At least 3,705 healthcare data breaches of 500 or more records were reported to the U.S. Department of Health and Human Services’ Office for Civil Rights between 2009 and 2020. In total, more than 268 billion healthcare records were compromised across these breaches.
The rate of data breaches in healthcare continues to rise, too. HIPAA Journal notes healthcare data breaches of 500 or more records were reported at a rate of around one per day in 2018. As of December 2020, that rate reached 1.76.
Why healthcare data breaches occur
Hackers target healthcare organizations to shut down essential systems and disrupt patient care. They also use ransomware to block access to healthcare systems until a cyber ransom is paid.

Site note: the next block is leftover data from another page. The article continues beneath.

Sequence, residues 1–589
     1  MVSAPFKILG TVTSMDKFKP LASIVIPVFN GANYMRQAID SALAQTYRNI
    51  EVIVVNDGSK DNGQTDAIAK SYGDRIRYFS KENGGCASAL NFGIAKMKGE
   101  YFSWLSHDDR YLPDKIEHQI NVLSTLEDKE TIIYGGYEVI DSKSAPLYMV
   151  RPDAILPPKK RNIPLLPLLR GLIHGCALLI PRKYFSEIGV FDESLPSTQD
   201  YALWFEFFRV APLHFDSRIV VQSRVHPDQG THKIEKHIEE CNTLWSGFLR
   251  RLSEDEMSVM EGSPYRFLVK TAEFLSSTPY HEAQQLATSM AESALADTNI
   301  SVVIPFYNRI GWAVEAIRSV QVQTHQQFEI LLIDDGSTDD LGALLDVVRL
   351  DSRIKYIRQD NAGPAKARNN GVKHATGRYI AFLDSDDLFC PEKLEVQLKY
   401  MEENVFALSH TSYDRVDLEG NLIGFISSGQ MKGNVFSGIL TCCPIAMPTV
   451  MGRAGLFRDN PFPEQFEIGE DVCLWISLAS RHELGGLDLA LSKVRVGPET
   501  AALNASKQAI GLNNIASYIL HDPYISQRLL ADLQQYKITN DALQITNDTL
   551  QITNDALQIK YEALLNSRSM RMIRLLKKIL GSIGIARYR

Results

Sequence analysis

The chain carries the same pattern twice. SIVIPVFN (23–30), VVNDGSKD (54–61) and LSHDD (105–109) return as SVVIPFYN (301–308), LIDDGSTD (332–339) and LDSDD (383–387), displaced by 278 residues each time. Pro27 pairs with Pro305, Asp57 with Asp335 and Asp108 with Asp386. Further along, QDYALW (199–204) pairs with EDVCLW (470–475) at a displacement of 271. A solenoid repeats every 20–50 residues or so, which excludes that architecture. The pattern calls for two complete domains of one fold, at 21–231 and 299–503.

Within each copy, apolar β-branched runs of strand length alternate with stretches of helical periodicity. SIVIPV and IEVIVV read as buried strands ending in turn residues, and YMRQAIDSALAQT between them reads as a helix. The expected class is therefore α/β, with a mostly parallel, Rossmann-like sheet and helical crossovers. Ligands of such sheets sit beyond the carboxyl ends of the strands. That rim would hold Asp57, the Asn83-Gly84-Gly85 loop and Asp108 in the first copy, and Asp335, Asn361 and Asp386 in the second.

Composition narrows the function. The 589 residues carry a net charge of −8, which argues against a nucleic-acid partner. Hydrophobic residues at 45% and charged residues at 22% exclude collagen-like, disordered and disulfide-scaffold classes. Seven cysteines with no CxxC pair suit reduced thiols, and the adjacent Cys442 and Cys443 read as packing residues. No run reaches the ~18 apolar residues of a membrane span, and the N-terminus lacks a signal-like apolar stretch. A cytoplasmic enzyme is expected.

Along with hacker attacks, healthcare organizations can inadvertently expose PHI and leave it publicly accessible. For example, security analysts at cyber risk management company CybelAngel conducted a six-month investigation into NAS and DICOM across 4.3 billion IP addresses globally. They discovered more than 45 million medical imaging files – including X-rays and CT scans – freely accessible on unprotected servers. These records included millions of sensitive images, including PHI.
Is your PHI safe from data breaches?
Healthcare professionals who know the ins and outs of data security laws are better equipped to guard against cybercriminals. They can also take the necessary precautions to guard against unknowingly exposing healthcare data to people around the world.